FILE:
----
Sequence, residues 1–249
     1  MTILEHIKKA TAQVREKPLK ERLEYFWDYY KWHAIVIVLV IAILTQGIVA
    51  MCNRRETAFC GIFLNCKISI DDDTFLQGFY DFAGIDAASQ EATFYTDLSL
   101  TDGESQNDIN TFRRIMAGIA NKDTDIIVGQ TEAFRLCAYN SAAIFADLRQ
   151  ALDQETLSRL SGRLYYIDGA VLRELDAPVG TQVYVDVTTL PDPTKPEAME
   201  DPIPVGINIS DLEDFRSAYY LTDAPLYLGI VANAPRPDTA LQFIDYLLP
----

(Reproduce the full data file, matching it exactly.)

Sequence, residues 1–249
     1  MTILEHIKKA TAQVREKPLK ERLEYFWDYY KWHAIVIVLV IAILTQGIVA
    51  MCNRRETAFC GIFLNCKISI DDDTFLQGFY DFAGIDAASQ EATFYTDLSL
   101  TDGESQNDIN TFRRIMAGIA NKDTDIIVGQ TEAFRLCAYN SAAIFADLRQ
   151  ALDQETLSRL SGRLYYIDGA VLRELDAPVG TQVYVDVTTL PDPTKPEAME
   201  DPIPVGINIS DLEDFRSAYY LTDAPLYLGI VANAPRPDTA LQFIDYLLP